One of the primary goals of the first SCRUM was to reduce management
overhead to less than 20% of time for a technical leader. The best
(but not only) SCRUM Master is a technical leader who is coding with
the troops 80% of the time (for the individual SCRUMs).
If you have a SCRUM of SCRUMs, the leader may have more of a
management component, but even there 50% technical work enhances the
ability of the leader to get close to the people doing the
Even a Senior VP who may not be coding can take on the project
management function (it only takes a few minutes a day if you use the
approach described at jeffsutherland.com/scrum), architecture design,
direction, and analysis, oversight of the QA function and how it can
add to the SCRUM process and be automated, R&D, evaluation of new
tools and approaches, and so forth.
SCRUM was designed so that everyone can be doing development and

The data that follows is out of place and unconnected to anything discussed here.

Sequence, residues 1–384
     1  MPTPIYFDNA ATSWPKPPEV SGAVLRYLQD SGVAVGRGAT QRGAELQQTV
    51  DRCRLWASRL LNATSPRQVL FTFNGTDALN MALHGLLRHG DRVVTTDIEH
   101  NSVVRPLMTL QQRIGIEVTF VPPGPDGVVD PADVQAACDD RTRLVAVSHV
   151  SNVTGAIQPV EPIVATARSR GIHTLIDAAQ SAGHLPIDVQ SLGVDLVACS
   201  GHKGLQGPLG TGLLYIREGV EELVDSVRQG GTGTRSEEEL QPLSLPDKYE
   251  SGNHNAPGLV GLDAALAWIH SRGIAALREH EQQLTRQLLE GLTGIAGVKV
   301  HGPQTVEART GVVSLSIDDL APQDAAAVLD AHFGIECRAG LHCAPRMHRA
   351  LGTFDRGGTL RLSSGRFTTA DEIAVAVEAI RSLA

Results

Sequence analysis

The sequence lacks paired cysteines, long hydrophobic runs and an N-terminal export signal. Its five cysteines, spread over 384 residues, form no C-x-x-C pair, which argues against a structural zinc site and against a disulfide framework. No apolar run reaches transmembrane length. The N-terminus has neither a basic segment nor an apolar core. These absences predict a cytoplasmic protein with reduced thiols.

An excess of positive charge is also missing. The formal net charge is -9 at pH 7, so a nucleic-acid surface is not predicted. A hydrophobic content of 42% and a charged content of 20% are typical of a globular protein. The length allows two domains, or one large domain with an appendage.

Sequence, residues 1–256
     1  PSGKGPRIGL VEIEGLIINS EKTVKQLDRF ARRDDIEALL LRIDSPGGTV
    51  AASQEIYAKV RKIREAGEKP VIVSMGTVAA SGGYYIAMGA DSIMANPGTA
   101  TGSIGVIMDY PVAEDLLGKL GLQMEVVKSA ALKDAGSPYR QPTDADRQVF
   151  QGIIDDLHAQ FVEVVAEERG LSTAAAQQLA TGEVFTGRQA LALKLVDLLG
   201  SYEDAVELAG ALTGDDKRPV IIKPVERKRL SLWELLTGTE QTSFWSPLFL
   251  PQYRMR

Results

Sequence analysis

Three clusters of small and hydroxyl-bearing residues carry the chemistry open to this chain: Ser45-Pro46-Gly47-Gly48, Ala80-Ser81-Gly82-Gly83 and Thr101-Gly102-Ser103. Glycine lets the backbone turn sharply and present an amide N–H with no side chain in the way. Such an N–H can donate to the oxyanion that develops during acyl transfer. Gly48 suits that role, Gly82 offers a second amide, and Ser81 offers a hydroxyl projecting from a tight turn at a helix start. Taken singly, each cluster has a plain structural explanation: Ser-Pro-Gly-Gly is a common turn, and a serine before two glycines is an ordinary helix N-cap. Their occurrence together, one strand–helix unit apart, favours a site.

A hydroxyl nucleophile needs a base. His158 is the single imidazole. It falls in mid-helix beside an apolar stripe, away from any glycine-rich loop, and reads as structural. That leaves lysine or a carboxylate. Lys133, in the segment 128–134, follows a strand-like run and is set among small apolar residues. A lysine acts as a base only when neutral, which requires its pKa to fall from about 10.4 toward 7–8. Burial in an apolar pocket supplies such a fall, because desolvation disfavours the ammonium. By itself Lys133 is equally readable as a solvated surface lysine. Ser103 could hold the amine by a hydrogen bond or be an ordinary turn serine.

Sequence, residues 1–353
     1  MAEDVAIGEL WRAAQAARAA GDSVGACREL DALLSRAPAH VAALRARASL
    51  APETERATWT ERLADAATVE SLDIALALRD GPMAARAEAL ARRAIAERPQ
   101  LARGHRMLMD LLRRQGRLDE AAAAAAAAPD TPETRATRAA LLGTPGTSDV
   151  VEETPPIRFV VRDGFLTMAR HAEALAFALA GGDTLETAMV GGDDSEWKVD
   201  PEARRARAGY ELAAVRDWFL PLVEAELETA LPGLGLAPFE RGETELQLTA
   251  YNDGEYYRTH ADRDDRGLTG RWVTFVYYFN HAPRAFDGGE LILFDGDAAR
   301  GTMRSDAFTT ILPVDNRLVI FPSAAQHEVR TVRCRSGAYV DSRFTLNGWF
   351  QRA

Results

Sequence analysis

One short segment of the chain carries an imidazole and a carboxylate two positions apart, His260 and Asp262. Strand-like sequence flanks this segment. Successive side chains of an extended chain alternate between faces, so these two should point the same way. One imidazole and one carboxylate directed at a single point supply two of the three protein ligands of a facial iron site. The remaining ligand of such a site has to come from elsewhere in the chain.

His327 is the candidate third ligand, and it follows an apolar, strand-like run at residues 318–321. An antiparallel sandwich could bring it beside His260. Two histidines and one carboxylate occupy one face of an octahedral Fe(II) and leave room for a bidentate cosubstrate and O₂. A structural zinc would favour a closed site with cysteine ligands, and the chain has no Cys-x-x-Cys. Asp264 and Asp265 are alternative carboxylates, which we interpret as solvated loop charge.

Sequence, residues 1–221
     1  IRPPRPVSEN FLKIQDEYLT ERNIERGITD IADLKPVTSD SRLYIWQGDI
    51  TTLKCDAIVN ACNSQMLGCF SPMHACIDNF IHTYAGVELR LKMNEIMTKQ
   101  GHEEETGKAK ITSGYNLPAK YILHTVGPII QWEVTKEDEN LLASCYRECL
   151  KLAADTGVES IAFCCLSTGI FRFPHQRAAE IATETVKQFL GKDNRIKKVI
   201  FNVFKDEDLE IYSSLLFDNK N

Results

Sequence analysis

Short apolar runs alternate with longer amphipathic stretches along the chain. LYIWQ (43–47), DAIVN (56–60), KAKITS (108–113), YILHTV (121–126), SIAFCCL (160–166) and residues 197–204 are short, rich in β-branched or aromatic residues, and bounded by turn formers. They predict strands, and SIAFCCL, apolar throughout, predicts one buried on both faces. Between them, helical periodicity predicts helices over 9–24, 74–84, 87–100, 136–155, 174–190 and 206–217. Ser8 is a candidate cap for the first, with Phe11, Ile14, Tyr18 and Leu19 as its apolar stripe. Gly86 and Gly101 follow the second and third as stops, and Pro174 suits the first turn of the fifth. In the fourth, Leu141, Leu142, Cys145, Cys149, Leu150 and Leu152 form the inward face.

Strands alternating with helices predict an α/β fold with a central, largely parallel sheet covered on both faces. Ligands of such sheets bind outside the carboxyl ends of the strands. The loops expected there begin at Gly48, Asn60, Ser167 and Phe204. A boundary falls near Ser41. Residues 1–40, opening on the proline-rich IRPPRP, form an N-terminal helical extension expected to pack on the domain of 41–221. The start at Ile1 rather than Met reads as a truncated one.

there are no administrative tasks that take away from it. 60 seconds
a day for developers and 10 minutes a day for the developer who is
the project leader.
In some cases (Ken Schwaber will remember this) senior management was
required to come to the SCRUM meeting to get any reporting at all.
And when they came to the SCRUM, the team would often give them tasks
that they were expected to deliver on.
-- In firstname.lastname@example.org
, "n1xf <n1xf@y...>"
> Hi all,
> I am in the process of researching Scrum for possible adoption on a
> new project that we are starting. We are an ISV with an existing
> product line (for which we shall most likely implement Scrum).
> We are building a team to start this new development and are in
> the "Chaos" of organization (oxymoron?) at this point.
> I am almost done reading Ken & Mike's Book ("Agile Software
> Development with Scrum") and might be jumping the gun here, but
> a question regarding the Scrum Master.